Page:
The temporal relationship between equity returns and economic growth is intuitive, yet obscured by timing issues in economic data.* By definition, traditional GDP statistics are trailing indicators, measuring activity over backward-looking periods. In addition, GDP data from national statistics bureaus often lags, in some cases by up to a year. As a result, these conventional metrics result in a poor fit between economic growth and equity returns. Figure 3 illustrates this. Each column represents average one-year returns for countries sorted into quintiles by GDP growth (1 = lowest, 5 = highest). The gray columns are based on GDP as conventionally reported. Viewed through that lens, there appears to be little relationship between growth and equity returns. But if we lead the reported GDP data by two quarters (equivalent to lagging the equity returns), as depicted in the “perfect foresight” dark blue columns, the relationship becomes clear: higher GDP growth is indeed, on average, associated with higher equity returns.
Figure 3: Equity Returns by GDP Growth Quintile
All-country universe, 1990-2019, based on annual country returns and GDP growth
Average Annual USD total returns by quintile formed on real GDP by country. Gray bars based on current GDP quintiles while blue bars are based on perfect foresight real GDP quintiles. Sources: Acadian, Datastream (Thomson Reuters), MSCI Copyright MSCI 2020, All Rights Reserved. Unpublished. PROPRIETARY TO MSCI, S&P Copyright (c) 2020, Standard & Poor's Financial Services LLC. All rights reserved. For illustrative purposes only.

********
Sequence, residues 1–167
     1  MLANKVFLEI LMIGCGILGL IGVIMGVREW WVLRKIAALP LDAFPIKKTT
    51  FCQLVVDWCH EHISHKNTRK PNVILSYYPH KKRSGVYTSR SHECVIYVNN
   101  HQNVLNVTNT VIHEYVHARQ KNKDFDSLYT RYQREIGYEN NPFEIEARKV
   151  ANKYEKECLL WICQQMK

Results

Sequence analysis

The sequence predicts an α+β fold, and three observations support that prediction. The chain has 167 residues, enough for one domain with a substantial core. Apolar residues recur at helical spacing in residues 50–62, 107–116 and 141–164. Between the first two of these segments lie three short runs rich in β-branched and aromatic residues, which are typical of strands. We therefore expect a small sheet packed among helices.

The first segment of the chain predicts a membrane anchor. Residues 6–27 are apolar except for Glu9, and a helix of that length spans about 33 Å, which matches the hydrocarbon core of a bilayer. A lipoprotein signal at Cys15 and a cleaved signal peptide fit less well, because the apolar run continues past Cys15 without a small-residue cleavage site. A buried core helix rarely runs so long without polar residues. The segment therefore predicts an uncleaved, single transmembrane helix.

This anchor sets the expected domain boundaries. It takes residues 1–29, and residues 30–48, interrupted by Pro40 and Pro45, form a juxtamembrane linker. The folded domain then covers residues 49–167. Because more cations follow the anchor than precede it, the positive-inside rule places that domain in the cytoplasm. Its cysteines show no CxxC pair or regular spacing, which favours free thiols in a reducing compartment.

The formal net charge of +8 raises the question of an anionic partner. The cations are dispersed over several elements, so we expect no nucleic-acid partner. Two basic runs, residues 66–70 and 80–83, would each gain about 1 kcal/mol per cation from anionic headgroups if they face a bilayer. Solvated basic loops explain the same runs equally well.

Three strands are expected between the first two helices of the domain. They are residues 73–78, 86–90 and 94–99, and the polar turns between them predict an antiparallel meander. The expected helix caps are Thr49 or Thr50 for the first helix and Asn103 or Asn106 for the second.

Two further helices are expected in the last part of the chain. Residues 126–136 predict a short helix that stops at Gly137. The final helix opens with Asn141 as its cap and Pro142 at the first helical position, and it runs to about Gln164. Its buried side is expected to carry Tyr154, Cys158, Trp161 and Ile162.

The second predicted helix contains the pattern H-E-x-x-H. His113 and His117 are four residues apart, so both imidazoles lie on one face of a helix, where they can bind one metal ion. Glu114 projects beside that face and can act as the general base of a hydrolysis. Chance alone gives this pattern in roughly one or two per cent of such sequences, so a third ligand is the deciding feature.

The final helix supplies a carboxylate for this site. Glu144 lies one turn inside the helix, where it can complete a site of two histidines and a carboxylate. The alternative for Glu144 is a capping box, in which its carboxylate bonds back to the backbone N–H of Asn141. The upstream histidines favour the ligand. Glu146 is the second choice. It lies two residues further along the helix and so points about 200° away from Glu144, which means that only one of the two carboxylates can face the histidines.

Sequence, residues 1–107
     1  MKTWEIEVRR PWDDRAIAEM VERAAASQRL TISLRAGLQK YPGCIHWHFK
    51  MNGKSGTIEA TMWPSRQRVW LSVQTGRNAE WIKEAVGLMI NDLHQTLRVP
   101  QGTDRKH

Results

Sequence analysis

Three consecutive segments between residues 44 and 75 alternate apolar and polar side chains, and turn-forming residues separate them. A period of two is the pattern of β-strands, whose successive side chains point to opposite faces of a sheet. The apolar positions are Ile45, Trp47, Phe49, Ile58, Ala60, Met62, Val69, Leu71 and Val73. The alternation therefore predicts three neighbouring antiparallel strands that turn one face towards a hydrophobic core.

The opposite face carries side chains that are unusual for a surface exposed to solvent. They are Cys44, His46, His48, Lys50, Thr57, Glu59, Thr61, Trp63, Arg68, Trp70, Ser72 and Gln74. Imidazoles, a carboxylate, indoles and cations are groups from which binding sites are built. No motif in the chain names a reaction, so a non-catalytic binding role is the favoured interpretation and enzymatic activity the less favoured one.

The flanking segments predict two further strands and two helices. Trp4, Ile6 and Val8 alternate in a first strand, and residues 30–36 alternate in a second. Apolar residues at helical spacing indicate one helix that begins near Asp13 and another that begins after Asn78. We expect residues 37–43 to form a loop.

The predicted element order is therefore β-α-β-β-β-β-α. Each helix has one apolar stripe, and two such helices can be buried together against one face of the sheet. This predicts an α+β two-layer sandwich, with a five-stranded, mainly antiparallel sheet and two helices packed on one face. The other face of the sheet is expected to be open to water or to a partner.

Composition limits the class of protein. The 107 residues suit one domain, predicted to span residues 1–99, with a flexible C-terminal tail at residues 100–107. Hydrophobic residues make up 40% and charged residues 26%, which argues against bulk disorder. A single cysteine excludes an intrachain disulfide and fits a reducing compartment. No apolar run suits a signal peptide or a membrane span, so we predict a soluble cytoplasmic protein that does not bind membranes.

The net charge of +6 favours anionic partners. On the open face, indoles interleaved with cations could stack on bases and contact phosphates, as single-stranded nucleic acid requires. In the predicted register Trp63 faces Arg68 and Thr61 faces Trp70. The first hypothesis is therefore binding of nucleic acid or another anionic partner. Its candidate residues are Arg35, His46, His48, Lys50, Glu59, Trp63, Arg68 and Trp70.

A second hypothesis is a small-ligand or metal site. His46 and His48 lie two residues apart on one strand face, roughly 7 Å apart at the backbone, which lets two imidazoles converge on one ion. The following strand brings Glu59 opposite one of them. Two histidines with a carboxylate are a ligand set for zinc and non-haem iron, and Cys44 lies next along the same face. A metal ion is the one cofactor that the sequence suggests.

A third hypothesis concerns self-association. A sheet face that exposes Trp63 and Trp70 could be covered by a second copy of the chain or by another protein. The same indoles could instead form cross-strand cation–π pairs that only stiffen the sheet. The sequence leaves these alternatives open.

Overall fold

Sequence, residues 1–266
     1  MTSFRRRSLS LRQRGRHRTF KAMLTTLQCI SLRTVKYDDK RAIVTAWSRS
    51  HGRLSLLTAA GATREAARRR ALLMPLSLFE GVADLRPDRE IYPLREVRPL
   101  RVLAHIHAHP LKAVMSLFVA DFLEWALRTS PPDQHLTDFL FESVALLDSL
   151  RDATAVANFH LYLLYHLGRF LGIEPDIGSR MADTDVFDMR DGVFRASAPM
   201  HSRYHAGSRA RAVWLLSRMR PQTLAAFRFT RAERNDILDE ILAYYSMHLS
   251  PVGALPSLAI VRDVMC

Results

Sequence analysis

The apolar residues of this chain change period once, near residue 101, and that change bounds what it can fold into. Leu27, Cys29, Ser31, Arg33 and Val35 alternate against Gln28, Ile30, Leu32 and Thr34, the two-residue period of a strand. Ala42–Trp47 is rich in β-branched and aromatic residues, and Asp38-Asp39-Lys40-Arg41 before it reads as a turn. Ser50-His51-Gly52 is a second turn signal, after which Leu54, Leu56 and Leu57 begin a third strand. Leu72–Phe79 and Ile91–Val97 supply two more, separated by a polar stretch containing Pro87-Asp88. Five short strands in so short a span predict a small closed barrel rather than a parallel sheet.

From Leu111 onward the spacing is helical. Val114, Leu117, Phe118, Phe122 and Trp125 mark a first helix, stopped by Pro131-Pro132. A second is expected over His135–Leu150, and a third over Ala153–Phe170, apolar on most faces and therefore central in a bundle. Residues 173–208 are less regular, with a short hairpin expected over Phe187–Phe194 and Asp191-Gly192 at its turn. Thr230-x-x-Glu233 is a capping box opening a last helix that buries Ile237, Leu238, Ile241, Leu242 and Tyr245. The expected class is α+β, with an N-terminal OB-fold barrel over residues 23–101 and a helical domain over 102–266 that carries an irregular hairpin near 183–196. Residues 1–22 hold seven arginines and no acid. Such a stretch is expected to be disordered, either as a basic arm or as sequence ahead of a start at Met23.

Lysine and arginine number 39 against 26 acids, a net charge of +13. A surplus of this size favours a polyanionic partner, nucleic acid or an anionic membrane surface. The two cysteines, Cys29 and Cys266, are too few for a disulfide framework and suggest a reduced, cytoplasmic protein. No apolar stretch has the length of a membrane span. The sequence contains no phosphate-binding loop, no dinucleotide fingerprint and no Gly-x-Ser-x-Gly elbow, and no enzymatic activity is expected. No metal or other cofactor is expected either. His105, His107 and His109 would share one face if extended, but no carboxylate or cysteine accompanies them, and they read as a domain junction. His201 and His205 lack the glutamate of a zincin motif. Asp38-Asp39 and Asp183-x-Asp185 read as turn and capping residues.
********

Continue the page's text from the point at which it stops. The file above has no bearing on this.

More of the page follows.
* Results presented here may surprise readers who are familiar with certain academic literature on the GDP-equity return relationship. Studies have shown that the long-term relationship between per-capita GDP growth and equity returns across countries is negative. For example, see Jay R. Ritter, Economic Growth and Equity Returns, Pacific Basin Finance Journal, 13 (2005), 489-503. The analysis presented here is materially different. It uses a pooled sample (across time and countries) to clarify the shorter-term intertemporal relationship between (aggregate) GDP growth and returns that reflect both cyclical and secular effects. For similar work, see pp. 24-26 of Elroy Dimson, Paul Marsh, and Mike Staunton, The Growth Puzzle, Credit Suisse Global Investment Returns Yearbook, 2014, 17-29.
The Market’s One-Factor Bet on Growth: EM Perspective